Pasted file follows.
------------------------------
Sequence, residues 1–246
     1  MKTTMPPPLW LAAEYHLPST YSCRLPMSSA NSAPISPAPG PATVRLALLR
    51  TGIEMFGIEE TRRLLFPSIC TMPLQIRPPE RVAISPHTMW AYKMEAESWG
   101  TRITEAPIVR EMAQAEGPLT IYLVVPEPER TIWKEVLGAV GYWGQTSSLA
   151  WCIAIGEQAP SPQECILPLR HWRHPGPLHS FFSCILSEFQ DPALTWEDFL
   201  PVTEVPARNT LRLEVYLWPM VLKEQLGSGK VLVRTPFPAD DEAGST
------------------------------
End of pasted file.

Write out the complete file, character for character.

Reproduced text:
Sequence, residues 1–246
     1  MKTTMPPPLW LAAEYHLPST YSCRLPMSSA NSAPISPAPG PATVRLALLR
    51  TGIEMFGIEE TRRLLFPSIC TMPLQIRPPE RVAISPHTMW AYKMEAESWG
   101  TRITEAPIVR EMAQAEGPLT IYLVVPEPER TIWKEVLGAV GYWGQTSSLA
   151  WCIAIGEQAP SPQECILPLR HWRHPGPLHS FFSCILSEFQ DPALTWEDFL
   201  PVTEVPARNT LRLEVYLWPM VLKEQLGSGK VLVRTPFPAD DEAGST